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Campus cultural centers celebrate commencement

Gordon Bates / Arizona Daily Wildcat
Entertainment and cultural representation was present at Tuesdays 2010 African American Student Affairs Graduation Convocation in the South Ballroom of the Student Union Memorial Center. Live dancing and musical performances were given by Barbea Williams Performing Company.
Gordon Bates
Gordon Bates / Arizona Daily Wildcat Entertainment and cultural representation was present at Tuesday’s 2010 African American Student Affairs Graduation Convocation in the South Ballroom of the Student Union Memorial Center. Live dancing and musical performances were given by Barbea Williams Performing Company.

 Surrounded by tens of thousands of their peers, graduating seniors can get lost in the crowd — but the UA’s cultural centers give students a special ceremony.

Despite the creation of the Multicultural Affairs and Student Success office last year and the recent budget cuts, many groups are able to have their own cultural and diversity centers on campus.

Native American Student Affairs, Asian-Pacific American Student Affairs, Chicano/Hispano Student Affairs and African American Student Affairs are all offering their own convocation ceremonies.

The Asian-Pacific American Student Affairs convocation was the first of the four, held during the first week of May.

Asian-Pacific American Student Affairs Director Danthai Xayaphanh noted that although recent budget cuts have not dramatically affected the ceremony, this, the 17th annual convocation, eliminated dinner from its graduation ceremony program. 

“”It is important to acknowledge the diversity and success of Asian Americans/Pacific Islanders on this campus,”” said Xayaphanh. “”As a predominately white institution, the struggles and successes of marginalized populations like ours is not often recognized. This celebration offers a sense of community amongst our population and showcases the amazing contribution of APA students.””

Xayaphanh noted that unlike many of the other cultural centers on campus, Asian-Pacific American Student Affairs focuses not only on their uniqueness within the community as a whole but also the diversity within the Asian and Pacific Islander population, noting “”each student brings a very distinct culture and identity.””

Native American Student Affairs also had its convocation in early May. Sharing the same building, the centers worked to provide their students with a specialized ceremony.

This week, two of the centers will hold their own, smaller convocations.

A special convocation held today from 4:30 – 6 p.m. in Centennial Hall is important to acknowledge the students’ special achievements, said Socorro Carrizosa, program director of the Chicano/Hispano Student Affairs.

“”This year is the first year that it’s entirely university supported,”” Carrizosa said. Previous years have been funded by local businesses, but this year the university, despite budget cuts, funded the entire commencement ceremony.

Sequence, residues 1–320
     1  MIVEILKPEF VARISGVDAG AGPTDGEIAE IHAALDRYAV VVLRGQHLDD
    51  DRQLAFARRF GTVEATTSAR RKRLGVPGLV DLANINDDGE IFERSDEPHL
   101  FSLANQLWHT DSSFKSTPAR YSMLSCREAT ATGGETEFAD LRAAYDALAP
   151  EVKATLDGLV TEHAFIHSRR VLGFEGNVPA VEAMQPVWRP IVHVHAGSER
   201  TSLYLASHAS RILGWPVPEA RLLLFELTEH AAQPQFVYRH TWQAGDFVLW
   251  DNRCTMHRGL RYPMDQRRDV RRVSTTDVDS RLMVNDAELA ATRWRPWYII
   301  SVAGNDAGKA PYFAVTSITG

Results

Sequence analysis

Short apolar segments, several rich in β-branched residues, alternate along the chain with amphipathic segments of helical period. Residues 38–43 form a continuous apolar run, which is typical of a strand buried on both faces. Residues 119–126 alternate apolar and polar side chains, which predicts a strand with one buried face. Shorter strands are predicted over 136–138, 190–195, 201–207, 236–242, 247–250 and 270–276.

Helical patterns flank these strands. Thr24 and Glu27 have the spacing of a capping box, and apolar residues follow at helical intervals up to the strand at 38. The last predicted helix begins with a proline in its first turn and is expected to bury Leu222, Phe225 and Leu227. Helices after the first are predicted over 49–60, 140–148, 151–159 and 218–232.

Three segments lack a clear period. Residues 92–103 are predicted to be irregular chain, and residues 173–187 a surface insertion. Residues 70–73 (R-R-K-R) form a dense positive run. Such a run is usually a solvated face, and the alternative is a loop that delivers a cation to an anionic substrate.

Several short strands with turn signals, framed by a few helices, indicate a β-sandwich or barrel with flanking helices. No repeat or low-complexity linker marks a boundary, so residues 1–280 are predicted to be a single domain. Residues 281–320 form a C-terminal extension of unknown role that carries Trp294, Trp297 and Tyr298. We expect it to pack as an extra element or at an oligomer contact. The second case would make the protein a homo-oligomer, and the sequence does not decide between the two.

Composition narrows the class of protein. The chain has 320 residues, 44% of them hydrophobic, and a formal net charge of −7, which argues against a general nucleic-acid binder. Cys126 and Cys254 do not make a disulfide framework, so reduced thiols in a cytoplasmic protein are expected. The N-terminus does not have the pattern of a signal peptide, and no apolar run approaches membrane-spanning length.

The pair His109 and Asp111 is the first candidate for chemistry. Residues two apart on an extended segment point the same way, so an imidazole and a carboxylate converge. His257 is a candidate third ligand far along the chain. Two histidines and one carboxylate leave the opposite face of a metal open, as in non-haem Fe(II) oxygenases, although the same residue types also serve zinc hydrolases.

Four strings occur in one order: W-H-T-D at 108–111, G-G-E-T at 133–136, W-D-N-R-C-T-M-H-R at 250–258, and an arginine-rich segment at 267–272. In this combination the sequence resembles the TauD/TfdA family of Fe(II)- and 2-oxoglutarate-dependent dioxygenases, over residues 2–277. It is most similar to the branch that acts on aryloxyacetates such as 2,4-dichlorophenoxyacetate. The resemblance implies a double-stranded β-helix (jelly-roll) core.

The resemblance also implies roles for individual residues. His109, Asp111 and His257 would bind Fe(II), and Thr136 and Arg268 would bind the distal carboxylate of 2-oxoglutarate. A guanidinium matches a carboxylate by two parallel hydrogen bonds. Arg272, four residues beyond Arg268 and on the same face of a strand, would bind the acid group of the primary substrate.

The convocation will have a mariachi band and the ceremony will be presented in both English and Spanish.

“”People are always coming up saying, ‘My grandma was there and it was in Spanish and it really spoke to her,'”” she said.

Chicano/Hispano Student Affairs isn’t the only office honoring its students with special cultural features.

The African American Student Affairs convocation will feature African dance.

“”One of the remarkable things and the process of budget cuts is that we tried to preserve some of these things that are really valuable to students,”” said Maria Moore, program director of African American Student Affairs. “”This convocation is one of those things.””

Moore said the convocation of around 40 graduates and 200 participants is a great way to show the students African American Student Affairs’ appreciation. In fact, she said their families’ reaction is one of the reasons they continue to host the event.

“”I think it’s really celebrating that moment with the students when their name is called, they step up on the stage and the picture and the celebration of those folks in the rows when they see their son or daughter graduate,”” Moore said. “”Those are the parts of the celebration that I really enjoy the most.””

Moore said the convocation stands apart because of the personal messages and pictures each graduate can place in the ceremony, where they will receive either green, blue or black Kente stoles depending on whether they are graduate or undergraduate students. Green stoles symbolize growth; blue represents harmony, peace and love; and black stoles, for the graduate students, represent spiritual potency and maturity.

Despite the turmoil of programs getting cut, Moore said events like a specific center’s graduation ceremony help provide a sense of community.

“”These smaller ceremonies allow us to share a uniqueness and affirm cultural identities,”” Moore said. “”(Graduation) is both an individual achievement and the achievement for the community.””

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